Saturday, March 03, 2007

Carl Malamud to Brian Lamb: “You should not treat the U.S. Congress like Disney would treat Mickey Mouse”

From Jon Udell's blog:

What I think a lot of people don’t understand — C-Span is a business, just like CNN is,” Mr. Collins said. “If we don’t have a revenue stream, we wouldn’t have six crews ready to cover Congressional hearings.

I wondered about that, but lacked context. Now Carl Malamud has provided the missing context. In a stunning letter to C-Span’s president and CEO Brian Lamb, which includes the above quote, Malamud points out that C-Span is supported not only by its revenues operating as a nonprofit business, but also by “considerable public largesse.” Taxpayers, Malamud argues, are footing the bill for much of the facilities, wiring, and equipment that enable C-Span’s camera crews to do their work.

Read the title link for more. My comments:

Great catch!

I’ve long been a fan of C-span and when I first got cable I soon found that I was watching it a large percentage of the time. I learned a lot of things about how our government works that were not covered (or were just plain wrong) in my high school civics classes, and now I find they don’t even teach civics any more! I tell everyone I talk to not to let another election go by without watching a few hundred hours of C-span (unfortunately almost nobody takes this advice).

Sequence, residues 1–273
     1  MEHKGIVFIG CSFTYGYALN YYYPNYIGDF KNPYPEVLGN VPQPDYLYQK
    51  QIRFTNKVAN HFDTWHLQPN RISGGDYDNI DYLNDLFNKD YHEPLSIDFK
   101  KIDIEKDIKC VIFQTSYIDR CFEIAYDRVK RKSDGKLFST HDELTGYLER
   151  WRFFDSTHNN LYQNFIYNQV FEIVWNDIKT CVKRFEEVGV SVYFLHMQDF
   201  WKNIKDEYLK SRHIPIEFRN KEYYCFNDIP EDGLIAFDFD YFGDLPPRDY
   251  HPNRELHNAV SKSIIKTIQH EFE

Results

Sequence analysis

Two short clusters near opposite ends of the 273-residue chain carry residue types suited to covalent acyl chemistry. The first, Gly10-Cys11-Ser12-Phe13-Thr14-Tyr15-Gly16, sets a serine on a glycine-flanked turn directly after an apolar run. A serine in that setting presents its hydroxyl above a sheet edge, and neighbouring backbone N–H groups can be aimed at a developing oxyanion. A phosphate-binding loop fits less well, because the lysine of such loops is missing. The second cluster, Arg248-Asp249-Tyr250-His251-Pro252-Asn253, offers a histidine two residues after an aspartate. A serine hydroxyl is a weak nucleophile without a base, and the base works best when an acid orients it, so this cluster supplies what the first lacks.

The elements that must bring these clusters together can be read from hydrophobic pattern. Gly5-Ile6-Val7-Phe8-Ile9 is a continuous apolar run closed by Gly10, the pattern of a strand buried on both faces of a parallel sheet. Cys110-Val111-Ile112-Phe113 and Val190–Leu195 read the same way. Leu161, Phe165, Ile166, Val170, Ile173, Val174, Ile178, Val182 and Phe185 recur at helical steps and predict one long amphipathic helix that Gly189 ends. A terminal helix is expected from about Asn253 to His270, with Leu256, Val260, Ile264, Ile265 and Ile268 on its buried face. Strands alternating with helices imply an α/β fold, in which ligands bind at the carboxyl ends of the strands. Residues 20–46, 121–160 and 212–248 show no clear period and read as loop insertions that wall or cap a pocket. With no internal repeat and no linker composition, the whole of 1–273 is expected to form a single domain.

In protest to the shoddy workmanship of most cable content I canceled my service several years ago and find myself much more informed about the world than I was as a couch potato, but part of the reason for this is that I still watch and read C-Span on the Internet. I constantly worry that they will start requiring some proof that I have cable service in order to get to their programs, which are in fact partially funded by those same cable monopolies.

I am of the opinion that all of the coverage of government should be in the public domain, and if the taxpayers have to foot the bill to make it so, then fine. Let C-Span broadcast those materials for the cable community and turn the digitized versions over to, Google, or anyone else willing to host them. I have no problem with C-Span selling the DVDs, CD, and so forth that they do either, such things are a convenience for many people who are not savvy about downloading, or don’t have fast connections, but for the rest of us there is no reason we should have to ask permission of C-Span or anyone else to make use of public hearings.

C-Span is at the same time performing a public service and, as your article indicates, possibly serving as a barrier to an even greater public service. One has to wonder if they have not become so set in their ways that they don’t want anyone rocking the boat.

Let’s rock!

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